Businesses need to provide users with the ability to refuse the sale of personal data while promoting this option through a link on the homepage and within the privacy policy, titled as "Do Not Sell My Personal Information."

The homepage link should lead to a page allowing users to opt out of having their information sold to third parties. The new CCPA prohibits businesses from hiding an opt-out option in a Privacy Policy. The options to opt-out must be clearly displayed at the bottom of any page where consumers' data is collected.

According to the CCPA, companies can now provide consumers age 16 and younger with the right to opt-in. However, in order to sell the information of someone age 13 or younger, you're still required to receive their permission from their parents or guardians.

Businesses are also required to ensure they are honoring consumers' requests to have their data completely deleted.

Protection for Consumer Privacy

Since the CCPA will allow users to sue companies over privacy losses caused by data breaches, securing customer information will be an even higher priority than ever before. In order to keep customer data safe, there should be regular audits, assessments of the systems used to manage data and some strategic approach to maximizing protection.

Being Non-discriminatory with Consumers

The CCPA prohibits businesses from discriminating against users who choose to exercise any of the consumer rights provided. The CCPA outlines a number of actions you could take that would be considered discriminatory against a consumer.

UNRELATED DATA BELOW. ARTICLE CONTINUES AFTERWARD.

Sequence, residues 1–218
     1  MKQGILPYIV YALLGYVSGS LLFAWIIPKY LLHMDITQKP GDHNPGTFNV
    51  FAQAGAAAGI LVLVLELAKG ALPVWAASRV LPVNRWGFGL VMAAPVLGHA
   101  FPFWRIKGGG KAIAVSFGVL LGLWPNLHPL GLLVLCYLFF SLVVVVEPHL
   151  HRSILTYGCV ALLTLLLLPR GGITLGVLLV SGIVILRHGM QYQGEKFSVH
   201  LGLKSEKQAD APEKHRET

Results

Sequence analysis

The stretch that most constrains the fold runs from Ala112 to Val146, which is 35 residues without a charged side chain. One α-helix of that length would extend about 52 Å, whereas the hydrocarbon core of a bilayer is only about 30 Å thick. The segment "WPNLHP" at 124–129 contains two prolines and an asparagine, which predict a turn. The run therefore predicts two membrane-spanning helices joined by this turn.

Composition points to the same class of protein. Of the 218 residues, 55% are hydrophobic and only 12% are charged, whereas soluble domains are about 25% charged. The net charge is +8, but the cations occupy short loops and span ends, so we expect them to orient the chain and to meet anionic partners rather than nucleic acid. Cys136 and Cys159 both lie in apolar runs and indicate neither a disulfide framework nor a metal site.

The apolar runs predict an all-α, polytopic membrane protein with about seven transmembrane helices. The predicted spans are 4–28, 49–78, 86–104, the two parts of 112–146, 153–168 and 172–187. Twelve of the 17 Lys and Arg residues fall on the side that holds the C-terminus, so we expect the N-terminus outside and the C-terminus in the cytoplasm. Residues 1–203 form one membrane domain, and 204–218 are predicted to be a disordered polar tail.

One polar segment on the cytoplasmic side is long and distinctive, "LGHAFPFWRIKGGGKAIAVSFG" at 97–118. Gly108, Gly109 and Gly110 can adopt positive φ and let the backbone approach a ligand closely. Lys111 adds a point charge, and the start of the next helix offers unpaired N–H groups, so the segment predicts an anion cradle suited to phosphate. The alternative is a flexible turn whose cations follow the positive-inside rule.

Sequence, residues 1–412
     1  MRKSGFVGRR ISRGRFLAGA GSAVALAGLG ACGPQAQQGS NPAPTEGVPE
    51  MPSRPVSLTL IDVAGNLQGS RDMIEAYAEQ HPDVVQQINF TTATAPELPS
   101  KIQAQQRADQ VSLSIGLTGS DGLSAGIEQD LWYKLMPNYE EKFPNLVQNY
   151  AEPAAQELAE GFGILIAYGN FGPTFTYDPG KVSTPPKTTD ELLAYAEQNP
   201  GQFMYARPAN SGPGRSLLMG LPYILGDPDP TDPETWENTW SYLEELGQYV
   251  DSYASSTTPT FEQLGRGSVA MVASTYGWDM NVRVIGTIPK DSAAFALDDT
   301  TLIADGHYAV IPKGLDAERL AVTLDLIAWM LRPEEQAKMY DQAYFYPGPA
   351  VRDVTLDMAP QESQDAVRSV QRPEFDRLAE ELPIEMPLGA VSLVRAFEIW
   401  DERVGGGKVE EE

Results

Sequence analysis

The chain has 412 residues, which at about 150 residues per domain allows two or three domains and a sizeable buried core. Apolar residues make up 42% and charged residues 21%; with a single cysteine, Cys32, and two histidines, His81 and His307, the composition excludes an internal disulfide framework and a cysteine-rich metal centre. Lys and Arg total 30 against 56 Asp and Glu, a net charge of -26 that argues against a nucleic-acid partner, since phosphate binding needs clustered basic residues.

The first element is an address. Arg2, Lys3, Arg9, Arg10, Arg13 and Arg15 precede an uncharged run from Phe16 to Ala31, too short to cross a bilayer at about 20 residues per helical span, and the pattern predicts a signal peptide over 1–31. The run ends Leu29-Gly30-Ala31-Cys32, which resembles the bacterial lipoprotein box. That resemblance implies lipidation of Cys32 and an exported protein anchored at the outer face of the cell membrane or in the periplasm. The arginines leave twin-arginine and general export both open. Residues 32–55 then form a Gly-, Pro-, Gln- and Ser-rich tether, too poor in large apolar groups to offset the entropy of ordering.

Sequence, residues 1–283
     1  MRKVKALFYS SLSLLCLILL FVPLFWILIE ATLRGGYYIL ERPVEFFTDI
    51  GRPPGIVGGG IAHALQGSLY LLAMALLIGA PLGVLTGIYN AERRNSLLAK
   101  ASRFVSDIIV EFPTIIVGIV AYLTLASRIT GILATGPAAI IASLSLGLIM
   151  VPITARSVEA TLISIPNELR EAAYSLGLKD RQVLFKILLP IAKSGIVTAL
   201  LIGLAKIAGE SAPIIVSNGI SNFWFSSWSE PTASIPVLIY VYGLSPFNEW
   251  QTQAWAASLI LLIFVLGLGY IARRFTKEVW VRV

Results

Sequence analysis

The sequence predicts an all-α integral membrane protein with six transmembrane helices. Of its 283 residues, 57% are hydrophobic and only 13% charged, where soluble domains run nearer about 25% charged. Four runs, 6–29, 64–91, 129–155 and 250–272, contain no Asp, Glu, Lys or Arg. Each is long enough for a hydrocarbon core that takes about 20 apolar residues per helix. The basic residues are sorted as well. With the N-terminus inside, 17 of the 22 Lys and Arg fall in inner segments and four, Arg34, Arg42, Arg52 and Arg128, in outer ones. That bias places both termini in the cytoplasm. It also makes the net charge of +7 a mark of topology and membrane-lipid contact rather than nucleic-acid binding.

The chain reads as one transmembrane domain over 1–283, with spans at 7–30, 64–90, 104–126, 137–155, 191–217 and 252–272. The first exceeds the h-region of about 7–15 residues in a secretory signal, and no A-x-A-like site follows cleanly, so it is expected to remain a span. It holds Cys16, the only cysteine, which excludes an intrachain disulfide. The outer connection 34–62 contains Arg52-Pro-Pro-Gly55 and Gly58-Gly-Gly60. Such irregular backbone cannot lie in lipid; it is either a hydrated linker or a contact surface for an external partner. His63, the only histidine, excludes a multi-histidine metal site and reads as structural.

The CCPA does allow you to offer different qualities or prices of goods or services if its reasonably related to the value provided to the customer by their consumer data. Companies who do engage in altering their offers for access to consumer data could potentially expose themselves to customer backlash.

California Consumer Privacy Act CCPA - Section 1798:125 - No discrimination clause

What are the penalties for not complying?

Since the CCPA is California legislation, penalties and enforcement for not complying are led by the Attorney General's office. If a business fails to cure alleged noncompliance within 30 days following notification from the state, you could be considered in violation and charged a civil penalty of up to $7,500 per violation.

Any business operating in California that isn't compliant with CCPA could face civil damages of up to $750 per violation, per user. While not a costly as the GDPR, sizable data breaches for companies with thousands of customers in California could quickly total up to around $1 million in CCPA fines.

The CCPA also allows consumers to file lawsuits for privacy losses without showing any evidentiary loss of property or money. Unlike traditional lawsuits, those filed for CCPA privacy violations do not need to be founded on proof of damages.

CCPA in Effect in 2020

When Jan.1, 2020, arrives, the California Attorney General will seek public participation in adopting more regulations to further CPPA. A great deal of the focus will center on ensuring that businesses are promoting consumer awareness about the ability to opt out of having their personal information sold.

Things to remember about the CPPA:

  • Consumers have the right to access all the data a business collects about them
  • Consumers can choose to not have their information sold to third parties
  • Consumers can request that companies completely delete their personal data
  • Consumers have the right to know which category of third parties their data was sold to
  • Consumers have the right to know the reason for the data collection
  • Enforcement is led by California's Attorney General
  • Consumers can take legal action without proof of damages if they are subjected to a beach of privacy

Any business working with data involving consumers in California will benefit from learning more about the new privacy standards and how to adjust their data management and privacy practices accordingly.